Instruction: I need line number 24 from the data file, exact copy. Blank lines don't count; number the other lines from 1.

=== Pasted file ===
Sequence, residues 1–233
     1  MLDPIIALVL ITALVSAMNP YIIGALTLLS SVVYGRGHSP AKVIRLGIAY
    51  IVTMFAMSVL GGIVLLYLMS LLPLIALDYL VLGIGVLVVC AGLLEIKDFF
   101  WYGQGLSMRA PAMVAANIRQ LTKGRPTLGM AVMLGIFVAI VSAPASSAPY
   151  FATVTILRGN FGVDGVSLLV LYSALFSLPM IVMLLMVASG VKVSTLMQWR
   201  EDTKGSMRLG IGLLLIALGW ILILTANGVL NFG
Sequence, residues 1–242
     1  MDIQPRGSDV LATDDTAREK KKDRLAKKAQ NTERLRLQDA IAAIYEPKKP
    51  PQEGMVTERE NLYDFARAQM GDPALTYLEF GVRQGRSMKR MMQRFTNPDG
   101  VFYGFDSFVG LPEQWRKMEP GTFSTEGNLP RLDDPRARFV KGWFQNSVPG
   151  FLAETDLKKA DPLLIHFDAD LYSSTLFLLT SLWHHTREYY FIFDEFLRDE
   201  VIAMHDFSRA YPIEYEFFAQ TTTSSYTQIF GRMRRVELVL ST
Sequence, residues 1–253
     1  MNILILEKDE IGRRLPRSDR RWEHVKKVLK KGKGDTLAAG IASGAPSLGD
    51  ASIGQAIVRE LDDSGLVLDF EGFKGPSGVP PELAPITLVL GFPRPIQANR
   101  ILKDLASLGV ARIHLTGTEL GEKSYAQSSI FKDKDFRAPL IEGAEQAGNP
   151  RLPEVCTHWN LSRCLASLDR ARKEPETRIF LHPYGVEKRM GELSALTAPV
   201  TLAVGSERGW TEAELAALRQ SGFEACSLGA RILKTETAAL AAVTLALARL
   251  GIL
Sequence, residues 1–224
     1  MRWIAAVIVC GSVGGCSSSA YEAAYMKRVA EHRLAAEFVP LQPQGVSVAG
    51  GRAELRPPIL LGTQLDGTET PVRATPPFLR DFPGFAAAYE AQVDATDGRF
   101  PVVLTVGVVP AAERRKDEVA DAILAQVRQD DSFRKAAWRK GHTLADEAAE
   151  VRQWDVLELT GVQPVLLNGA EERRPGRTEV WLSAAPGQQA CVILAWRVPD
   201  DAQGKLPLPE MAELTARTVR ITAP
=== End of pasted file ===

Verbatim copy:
   151  VRQWDVLELT GVQPVLLNGA EERRPGRTEV WLSAAPGQQA CVILAWRVPD